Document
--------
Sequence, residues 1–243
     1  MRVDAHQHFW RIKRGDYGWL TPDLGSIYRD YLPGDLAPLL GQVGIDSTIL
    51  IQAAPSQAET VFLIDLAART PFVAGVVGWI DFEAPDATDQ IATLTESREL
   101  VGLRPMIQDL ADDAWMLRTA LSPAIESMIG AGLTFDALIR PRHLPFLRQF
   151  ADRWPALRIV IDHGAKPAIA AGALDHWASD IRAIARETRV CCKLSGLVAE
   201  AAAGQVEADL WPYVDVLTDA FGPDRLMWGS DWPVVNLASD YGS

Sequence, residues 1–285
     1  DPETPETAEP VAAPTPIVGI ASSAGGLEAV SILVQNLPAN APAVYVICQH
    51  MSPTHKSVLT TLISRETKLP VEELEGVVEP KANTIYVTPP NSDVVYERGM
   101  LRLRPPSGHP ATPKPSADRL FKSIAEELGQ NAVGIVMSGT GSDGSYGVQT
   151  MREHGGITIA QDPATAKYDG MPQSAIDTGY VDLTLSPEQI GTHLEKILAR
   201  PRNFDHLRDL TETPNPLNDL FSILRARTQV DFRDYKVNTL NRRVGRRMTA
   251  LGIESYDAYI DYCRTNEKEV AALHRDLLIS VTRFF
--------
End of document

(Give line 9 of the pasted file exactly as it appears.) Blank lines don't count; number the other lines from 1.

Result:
    51  MSPTHKSVLT TLISRETKLP VEELEGVVEP KANTIYVTPP NSDVVYERGM